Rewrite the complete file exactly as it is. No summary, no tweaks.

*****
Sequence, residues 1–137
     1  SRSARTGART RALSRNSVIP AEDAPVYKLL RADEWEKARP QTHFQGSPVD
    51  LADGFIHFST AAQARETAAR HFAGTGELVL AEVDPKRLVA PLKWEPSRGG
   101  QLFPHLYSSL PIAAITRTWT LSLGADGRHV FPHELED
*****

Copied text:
Sequence, residues 1–137
     1  SRSARTGART RALSRNSVIP AEDAPVYKLL RADEWEKARP QTHFQGSPVD
    51  LADGFIHFST AAQARETAAR HFAGTGELVL AEVDPKRLVA PLKWEPSRGG
   101  QLFPHLYSSL PIAAITRTWT LSLGADGRHV FPHELED